Thursday, October 21, 2010

Thinking about self-join? Well, think again!

This week, the greenplum people came on-site and talked about a few tricks that I am very new to. The ones I have most feeling about are

(1) about function overloading

So PostgreSQL allows you to have functions with exact names but different inputs or outputs, even different number of inputs. This is called function overloading. It's a feature in various programming languages like C, Java etc. And since Greenplum is written in C, it has this feature by birth. And this is exactly WHY you have to specify the inputs when deleting a function in greenplum!

I know, this could be very annoying! So they should really have a switch, so you can choose whatever options you want, either follow the overloading rule or not. So if you refuse to follow overloading and you try to name a new function the same as an existing one, greenplum will throw an error on you. C language has the overloading thing. That's fine. But greenplum could have given user options.

(2) about "STRICT"

When writing user defined functions, by adding "STRICT" option at the end, you are telling PostgreSQL to return a null automatically when someone inputs a null to the function. The function will not even try to run with null inputs, it will return null immediately. This could be a nice option to speed things up.

(3) about windowing function

Windowing function is not new concept to me. But the instructor's comment about all self-join could be replaced by windowing function is quite new. It's kind of surprising to me. Of course, I believe it's not hard, just takes time to get used to, particularly when one has been so familiar with table self-joins.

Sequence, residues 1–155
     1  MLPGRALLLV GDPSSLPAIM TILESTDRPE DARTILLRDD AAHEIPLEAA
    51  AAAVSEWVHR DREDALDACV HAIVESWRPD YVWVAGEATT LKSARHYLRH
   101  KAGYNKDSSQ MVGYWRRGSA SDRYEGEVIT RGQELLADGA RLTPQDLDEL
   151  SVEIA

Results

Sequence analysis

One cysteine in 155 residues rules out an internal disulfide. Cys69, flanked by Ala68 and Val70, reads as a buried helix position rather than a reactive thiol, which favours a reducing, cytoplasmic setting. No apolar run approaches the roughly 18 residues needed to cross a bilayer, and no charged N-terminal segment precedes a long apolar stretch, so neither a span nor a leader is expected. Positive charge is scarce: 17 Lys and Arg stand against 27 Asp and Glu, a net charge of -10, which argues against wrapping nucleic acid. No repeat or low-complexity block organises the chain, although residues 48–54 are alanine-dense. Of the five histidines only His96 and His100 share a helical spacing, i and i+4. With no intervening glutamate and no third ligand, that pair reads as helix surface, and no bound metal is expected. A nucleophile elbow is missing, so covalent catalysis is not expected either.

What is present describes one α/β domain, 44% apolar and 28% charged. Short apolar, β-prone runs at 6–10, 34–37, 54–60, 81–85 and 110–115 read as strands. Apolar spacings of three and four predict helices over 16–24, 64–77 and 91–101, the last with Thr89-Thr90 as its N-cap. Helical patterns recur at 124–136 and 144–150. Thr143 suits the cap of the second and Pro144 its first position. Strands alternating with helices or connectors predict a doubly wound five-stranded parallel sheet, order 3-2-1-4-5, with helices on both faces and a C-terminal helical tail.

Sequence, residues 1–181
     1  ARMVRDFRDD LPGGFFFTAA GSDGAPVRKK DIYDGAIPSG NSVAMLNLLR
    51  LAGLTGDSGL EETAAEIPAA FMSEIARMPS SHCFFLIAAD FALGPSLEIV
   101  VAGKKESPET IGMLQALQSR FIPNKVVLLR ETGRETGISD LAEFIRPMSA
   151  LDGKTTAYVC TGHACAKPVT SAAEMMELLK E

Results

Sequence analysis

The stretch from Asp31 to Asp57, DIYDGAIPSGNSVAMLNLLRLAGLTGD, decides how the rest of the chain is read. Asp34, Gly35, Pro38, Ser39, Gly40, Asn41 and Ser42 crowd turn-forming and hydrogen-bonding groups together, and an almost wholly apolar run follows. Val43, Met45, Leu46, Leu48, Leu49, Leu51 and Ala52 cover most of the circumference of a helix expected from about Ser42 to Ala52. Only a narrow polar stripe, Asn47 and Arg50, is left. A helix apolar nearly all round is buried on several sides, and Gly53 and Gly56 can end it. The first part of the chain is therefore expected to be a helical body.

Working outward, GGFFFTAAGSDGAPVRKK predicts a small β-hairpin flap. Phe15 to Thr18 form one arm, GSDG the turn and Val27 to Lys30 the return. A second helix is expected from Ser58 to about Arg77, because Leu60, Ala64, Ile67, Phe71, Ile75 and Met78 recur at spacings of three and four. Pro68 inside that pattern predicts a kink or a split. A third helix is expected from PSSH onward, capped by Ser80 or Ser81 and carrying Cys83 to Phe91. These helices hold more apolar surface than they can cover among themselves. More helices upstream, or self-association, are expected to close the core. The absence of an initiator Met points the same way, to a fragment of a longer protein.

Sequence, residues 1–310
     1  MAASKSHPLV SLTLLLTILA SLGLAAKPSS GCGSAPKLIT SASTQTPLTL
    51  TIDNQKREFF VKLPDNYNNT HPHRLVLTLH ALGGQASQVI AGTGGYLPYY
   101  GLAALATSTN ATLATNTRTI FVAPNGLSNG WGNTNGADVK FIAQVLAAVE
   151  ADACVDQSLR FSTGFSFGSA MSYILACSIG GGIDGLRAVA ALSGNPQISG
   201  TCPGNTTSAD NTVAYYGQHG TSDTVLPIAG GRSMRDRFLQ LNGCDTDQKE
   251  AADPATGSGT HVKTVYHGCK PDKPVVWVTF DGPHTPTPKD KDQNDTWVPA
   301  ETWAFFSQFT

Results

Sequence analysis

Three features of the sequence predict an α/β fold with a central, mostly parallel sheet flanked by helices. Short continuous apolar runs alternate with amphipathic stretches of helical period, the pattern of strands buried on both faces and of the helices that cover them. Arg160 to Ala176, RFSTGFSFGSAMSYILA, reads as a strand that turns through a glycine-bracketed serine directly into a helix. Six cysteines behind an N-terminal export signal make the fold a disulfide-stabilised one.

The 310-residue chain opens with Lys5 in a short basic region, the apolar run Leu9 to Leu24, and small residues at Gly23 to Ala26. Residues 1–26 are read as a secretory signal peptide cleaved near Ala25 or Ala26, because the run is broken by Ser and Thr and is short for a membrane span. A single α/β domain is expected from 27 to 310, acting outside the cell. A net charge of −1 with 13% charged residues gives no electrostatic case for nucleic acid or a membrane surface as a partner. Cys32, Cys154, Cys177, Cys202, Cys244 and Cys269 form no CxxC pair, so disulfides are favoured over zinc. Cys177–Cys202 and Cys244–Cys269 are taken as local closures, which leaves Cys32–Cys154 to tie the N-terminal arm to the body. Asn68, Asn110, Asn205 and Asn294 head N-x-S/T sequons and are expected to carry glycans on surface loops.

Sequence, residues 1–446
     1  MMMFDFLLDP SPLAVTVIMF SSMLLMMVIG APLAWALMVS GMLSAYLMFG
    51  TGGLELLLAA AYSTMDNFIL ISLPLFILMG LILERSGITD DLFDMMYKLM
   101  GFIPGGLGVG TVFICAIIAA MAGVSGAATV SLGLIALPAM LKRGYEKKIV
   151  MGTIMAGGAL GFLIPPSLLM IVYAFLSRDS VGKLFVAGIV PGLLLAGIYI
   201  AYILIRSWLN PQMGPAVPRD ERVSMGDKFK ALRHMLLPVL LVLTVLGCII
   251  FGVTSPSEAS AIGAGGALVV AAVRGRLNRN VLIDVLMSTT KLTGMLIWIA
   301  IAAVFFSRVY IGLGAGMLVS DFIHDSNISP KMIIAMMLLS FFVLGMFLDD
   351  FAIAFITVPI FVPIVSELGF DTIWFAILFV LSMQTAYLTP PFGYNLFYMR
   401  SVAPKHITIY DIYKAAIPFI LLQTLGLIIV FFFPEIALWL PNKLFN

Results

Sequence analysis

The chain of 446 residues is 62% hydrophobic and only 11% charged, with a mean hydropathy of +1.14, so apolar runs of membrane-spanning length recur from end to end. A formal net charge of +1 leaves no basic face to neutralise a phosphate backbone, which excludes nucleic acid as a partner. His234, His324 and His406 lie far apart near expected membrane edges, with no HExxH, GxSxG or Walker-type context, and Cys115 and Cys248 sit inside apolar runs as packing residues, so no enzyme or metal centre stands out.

Windowing function allows user to access a set of rows associated with the current row. It can perform various calculations, like sum, rank, average, max/min etc. PostgreSql has a very good tutorial on windowing functions. There are two things I like particularly, running totals and naming windows.

So now the running total revenue calculation of campaigns is

SELECT campaign_id
, revenue
, SUM(revenue) OVER (w) as running_total
, SUM(revenue) OVER() AS overall_total
,(SUM(revenue) OVER (w)) / (SUM(revenue) OVER()) AS pct
FROM rev_table

Very nice and clean, right?

Last but not least, first_value, last_value or nth_value could be extremely useful sometime, for example, I'd like to know that's the last campaign a user have clicked on in the past week.

SELECT enc_email
, FIRST_VALUE(campaign_id) OVER(PARTITION BY enc_email ORDER BY click_date DESC) AS last_campaign
FROM user_history

The "limit 1" at the end is very important. Without it, the end result will has as many rows as the original table filling with exact same rows.

No comments:

Post a Comment